Supermarket chain Tesco has become the first UK retailer to offer sustainability-linked supply chain finance (SCF) to its supply base, through a new programme with Santander.

The voluntary programme, which has been in development for 18 months and is due to launch in September, will see Tesco’s suppliers get preferential financing rates via Santander’s SCF platform if they meet targets around carbon data disclosure, emissions reduction and progress against sustainability goals.

“In this critical year for climate action, we’re delighted to be able to offer thousands of suppliers access to market-leading SCF linked to sustainability,” says Ashwin Prasad, chief product officer at Tesco. “This programme not only provides suppliers with a real incentive to set science-based emissions reduction targets, but will also help embed sustainability goals throughout our supply chain and support the UK in realising its climate change targets.”

The programme will leverage Tesco’s existing supplier network technology, provided by sustainability-focused tech firm Anthesis, to verify and assess suppliers’ annual greenhouse gas emissions data. Tesco is also partnering with WWF, an environmental NGO, to support its suppliers in setting sustainability targets. KPMG has been engaged to carry out assurance of the programme.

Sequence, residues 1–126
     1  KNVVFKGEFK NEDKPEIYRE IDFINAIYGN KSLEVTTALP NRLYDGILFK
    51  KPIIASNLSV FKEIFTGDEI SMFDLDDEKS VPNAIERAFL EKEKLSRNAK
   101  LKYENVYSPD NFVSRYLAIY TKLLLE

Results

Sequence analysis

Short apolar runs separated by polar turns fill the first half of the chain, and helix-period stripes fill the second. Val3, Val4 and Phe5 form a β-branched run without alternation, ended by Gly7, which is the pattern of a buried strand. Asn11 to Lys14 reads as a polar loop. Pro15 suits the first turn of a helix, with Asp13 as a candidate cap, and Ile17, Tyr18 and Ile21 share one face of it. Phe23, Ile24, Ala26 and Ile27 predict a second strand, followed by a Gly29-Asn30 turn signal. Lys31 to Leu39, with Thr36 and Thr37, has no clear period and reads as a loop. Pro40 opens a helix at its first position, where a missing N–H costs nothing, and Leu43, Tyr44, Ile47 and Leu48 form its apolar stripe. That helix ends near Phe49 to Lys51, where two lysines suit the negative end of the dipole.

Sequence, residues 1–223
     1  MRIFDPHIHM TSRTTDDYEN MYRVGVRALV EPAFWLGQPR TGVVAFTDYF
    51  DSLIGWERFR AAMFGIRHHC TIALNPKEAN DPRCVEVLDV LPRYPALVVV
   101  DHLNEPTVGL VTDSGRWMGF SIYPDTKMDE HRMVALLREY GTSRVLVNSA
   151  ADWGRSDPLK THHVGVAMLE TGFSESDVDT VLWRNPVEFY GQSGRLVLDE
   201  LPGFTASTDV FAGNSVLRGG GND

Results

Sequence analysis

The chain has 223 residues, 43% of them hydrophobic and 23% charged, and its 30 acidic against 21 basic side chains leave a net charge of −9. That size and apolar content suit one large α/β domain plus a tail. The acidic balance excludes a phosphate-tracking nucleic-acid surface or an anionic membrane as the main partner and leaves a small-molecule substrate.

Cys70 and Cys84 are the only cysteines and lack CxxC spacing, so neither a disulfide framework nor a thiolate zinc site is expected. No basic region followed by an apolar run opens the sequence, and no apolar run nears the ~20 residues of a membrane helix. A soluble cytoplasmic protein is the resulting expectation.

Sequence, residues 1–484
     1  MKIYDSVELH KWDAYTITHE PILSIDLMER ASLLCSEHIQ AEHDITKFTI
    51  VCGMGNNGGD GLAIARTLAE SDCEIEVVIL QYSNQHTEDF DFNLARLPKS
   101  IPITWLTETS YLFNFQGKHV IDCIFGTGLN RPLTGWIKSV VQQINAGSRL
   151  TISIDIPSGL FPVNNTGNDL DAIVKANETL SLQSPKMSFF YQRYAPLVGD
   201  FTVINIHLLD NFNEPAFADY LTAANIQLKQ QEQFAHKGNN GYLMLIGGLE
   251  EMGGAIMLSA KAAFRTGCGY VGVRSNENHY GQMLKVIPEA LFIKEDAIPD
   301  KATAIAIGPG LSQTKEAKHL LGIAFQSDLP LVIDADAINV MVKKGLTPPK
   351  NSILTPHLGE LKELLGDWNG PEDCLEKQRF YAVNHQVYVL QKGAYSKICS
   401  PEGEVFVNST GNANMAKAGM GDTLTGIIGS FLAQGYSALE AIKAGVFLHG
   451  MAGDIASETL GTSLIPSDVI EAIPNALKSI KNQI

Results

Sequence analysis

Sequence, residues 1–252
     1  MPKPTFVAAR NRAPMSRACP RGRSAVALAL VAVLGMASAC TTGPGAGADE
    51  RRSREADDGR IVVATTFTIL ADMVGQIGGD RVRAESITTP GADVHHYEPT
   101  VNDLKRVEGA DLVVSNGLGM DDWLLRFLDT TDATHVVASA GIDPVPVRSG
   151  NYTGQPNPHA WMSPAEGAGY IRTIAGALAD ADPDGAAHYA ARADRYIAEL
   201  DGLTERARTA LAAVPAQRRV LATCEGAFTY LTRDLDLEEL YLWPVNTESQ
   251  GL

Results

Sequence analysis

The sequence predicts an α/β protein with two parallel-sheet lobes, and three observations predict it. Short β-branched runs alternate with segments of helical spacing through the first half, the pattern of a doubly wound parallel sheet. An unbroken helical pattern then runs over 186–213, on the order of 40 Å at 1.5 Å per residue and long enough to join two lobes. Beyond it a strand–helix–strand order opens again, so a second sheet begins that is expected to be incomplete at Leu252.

Santander tells GTR that the programme will be open to suppliers of Tesco Stores UK and Tesco Ireland, which includes both domestic and international suppliers. Neither the base pricing for the SCF programme nor the discounts available have been disclosed by Tesco or Santander, but Tesco indicates that there are multiple sustainability tiers for suppliers, which can be ranked as gold, silver and bronze.

Last year, Tesco committed to reach a net zero climate target in the UK by 2035, setting science-based targets across its supply chain. It says that its 70 biggest suppliers have already reported a 12% reduction in manufacturing emissions, exceeding its target of a 7% reduction.

This follows a similar programme set up in the US by Walmart in partnership with HSBC. Speaking to GTR at the time about the attractiveness of such initiatives to retailers, Natalie Blyth, global head of trade and receivables finance at HSBC, said: “In many industries it is a company’s supply chain – rather than the company itself – that is responsible for most of the environmental impact and therefore offers the greatest potential for sustainability improvements.”

Once Tesco’s scheme is in place, the British retailer says that it will regularly update the scope of the sustainability data requirements in line with market best practice and its own sustainability commitments, and will provide online tools and support to help suppliers enrol – with a particular focus on SMEs.